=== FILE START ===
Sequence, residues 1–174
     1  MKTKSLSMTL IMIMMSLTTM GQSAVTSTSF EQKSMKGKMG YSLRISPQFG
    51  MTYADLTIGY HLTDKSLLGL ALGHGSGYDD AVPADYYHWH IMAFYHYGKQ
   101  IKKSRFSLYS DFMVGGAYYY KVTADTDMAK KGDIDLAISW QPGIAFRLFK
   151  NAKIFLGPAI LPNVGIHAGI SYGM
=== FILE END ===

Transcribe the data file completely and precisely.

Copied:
Sequence, residues 1–174
     1  MKTKSLSMTL IMIMMSLTTM GQSAVTSTSF EQKSMKGKMG YSLRISPQFG
    51  MTYADLTIGY HLTDKSLLGL ALGHGSGYDD AVPADYYHWH IMAFYHYGKQ
   101  IKKSRFSLYS DFMVGGAYYY KVTADTDMAK KGDIDLAISW QPGIAFRLFK
   151  NAKIFLGPAI LPNVGIHAGI SYGM